For close to a decade, Jeb Bush's audiences have almost exclusively been people who have paid good money to hear him speak.
That changes today, when he appears at the Conservative Political Action Conference — where potential 2016 presidential rivals are already taking shots at him and some activists are organizing a walk-out.
NYU college student Ivan Teo said he doesn't consider Bush "one of us," but does give him credit for at least showing up on hostile turf. "I think him coming here, it's brave. And I think that it's great that we have a chance to ask him questions."
Bush, the former Florida governor and the brother and son of the last two Republican presidents, is the presumed Republican establishment favorite in a venue that historically has not been kind to the party establishment.
In 2011, former Texas Rep. Ron Paul won the CPAC presidential straw poll, while Mitt Romney won the 2012 nomination. In 2007, Romney won the straw poll, while Arizona Sen. John McCain won the GOP nomination the following year.
And while many Republicans with presidential ambitions make CPAC an annual pilgrimage, Bush during his years as governor avoided the gathering as part of his overall strategy of staying away from events that would feed presidential speculation. Bush ended that self-imposed exile in 2013, and got a decidedly indifferent reception. His was the Friday night keynote speech — the "Ronald Reagan Dinner" — and Bush had just recently published his book Immigration Wars, that advocated an overhaul similar to what the Senate wound up passing a few months later.
Bush used the occasion to scold his party for seeming "anti-everything," but also prescribed the same optimistic message about a "right to rise" that is the theme of his pre-campaign. Just months after the 2012 presidential election, Bush's speech did not particularly offend his audience as much as fail to interest them at all. Bush spoke for just under 20 minutes, during which time many in the ballroom carried on conversations over dessert and coffee, ducked outside to answer phone calls, or just left entirely.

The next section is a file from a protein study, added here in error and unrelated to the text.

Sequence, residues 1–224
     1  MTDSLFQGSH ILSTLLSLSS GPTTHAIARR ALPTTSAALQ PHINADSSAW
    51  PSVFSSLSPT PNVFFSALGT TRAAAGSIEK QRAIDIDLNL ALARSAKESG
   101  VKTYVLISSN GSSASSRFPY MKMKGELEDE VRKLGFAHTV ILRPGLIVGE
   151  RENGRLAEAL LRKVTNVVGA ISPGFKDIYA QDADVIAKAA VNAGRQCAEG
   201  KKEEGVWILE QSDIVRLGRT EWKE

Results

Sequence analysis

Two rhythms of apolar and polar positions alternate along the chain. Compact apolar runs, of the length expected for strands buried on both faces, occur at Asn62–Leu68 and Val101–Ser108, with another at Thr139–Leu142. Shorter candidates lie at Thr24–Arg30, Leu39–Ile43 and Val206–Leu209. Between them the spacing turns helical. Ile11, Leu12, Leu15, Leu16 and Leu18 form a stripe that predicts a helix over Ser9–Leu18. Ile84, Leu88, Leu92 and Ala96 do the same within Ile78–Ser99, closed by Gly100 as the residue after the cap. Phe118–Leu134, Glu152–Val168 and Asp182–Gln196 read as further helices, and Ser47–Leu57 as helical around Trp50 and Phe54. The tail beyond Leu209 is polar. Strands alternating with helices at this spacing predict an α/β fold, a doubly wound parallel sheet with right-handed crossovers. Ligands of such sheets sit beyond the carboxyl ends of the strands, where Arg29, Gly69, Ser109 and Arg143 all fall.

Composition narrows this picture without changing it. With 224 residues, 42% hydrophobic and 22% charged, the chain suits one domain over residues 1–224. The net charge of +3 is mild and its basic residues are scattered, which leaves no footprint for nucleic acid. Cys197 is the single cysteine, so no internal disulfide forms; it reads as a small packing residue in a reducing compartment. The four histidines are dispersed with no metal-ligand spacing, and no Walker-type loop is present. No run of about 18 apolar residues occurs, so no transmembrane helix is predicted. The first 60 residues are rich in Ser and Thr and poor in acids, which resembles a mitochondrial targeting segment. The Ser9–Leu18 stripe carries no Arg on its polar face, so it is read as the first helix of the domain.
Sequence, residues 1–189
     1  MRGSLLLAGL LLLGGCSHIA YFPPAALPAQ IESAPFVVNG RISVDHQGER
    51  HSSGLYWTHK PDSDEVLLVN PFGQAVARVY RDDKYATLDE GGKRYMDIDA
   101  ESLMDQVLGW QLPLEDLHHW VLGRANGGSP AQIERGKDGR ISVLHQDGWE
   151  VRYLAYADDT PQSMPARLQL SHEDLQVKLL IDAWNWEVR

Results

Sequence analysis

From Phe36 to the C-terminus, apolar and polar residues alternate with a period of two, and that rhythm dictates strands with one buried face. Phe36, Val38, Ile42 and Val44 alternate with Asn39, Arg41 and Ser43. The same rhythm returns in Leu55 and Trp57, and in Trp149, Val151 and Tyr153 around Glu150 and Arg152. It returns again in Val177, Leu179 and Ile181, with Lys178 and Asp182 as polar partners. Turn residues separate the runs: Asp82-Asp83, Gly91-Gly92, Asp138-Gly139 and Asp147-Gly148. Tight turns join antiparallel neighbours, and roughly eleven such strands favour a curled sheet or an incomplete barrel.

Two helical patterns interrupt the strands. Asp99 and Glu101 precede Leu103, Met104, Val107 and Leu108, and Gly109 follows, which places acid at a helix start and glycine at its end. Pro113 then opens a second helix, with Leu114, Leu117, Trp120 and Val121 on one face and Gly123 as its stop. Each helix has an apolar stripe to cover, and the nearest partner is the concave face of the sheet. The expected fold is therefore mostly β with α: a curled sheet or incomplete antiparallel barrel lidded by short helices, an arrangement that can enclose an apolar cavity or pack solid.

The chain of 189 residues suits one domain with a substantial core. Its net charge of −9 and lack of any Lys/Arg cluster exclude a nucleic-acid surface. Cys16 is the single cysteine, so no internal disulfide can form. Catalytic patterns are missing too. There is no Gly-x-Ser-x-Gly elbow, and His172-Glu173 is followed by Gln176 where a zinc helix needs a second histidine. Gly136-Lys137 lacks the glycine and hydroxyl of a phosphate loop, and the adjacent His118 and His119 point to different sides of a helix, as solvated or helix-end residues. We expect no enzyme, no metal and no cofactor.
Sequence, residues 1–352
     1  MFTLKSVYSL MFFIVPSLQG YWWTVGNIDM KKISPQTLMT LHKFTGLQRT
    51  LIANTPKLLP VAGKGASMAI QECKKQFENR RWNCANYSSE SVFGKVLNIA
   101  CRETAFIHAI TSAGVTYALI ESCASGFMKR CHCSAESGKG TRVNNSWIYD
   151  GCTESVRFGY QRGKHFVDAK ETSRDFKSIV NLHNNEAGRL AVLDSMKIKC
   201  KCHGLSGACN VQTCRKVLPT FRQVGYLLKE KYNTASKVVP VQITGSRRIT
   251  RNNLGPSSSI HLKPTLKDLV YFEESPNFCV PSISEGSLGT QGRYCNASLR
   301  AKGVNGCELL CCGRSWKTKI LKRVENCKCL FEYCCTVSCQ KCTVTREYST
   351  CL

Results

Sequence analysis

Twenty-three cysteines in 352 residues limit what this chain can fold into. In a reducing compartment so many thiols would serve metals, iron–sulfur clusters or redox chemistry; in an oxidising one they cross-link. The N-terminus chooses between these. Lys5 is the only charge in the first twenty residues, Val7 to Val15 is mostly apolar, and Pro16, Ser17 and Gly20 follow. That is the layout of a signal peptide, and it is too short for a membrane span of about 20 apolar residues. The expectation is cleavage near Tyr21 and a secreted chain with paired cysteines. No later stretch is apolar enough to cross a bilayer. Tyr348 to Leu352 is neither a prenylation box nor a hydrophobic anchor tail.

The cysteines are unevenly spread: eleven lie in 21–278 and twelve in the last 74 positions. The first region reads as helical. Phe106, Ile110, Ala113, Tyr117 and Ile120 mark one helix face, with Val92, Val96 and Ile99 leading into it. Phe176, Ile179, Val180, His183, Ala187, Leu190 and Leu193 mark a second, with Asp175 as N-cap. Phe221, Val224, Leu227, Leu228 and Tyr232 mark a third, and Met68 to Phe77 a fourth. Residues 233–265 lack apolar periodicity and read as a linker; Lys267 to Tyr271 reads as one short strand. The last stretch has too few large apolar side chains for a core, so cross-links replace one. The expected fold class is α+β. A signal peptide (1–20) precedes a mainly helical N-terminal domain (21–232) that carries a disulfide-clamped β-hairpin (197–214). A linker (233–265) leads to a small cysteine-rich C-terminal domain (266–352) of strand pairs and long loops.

Before and after that, he was primarily speaking to corporate audiences that had paid him tens of thousands of dollars to hear him. Even in recent appearances in Detroit and Chicago, where he gave speeches as part of his "Right to Rise" political committees, Bush spoke to sympathetic audiences, and then took gentle questions from moderators.
Bush did do a warm-up of sorts Wednesday evening, appearing on conservative talk-radio host Hugh Hewitt's program, but even there the questioning was mild — primarily about foreign policy and the military.
Neither immigration nor the Common Core education standards, which are reviled by many of the GOP's most conservative voters, came up in that interview. Both are certain to be asked about Friday, when Bush is questioned for 20 minutes by Fox News host Sean Hannity.
Bush, 62, compiled what was considered a deeply conservative record in his two terms as Florida governor, including tax cuts totaling $14 billion, support of gun rights, the creation of private school voucher programs and the use of public money to persuade women to avoid abortions. But his support for more stringent education standards in Common Core and an immigration overhaul that would not deport all those in this country illegally has angered many conservatives.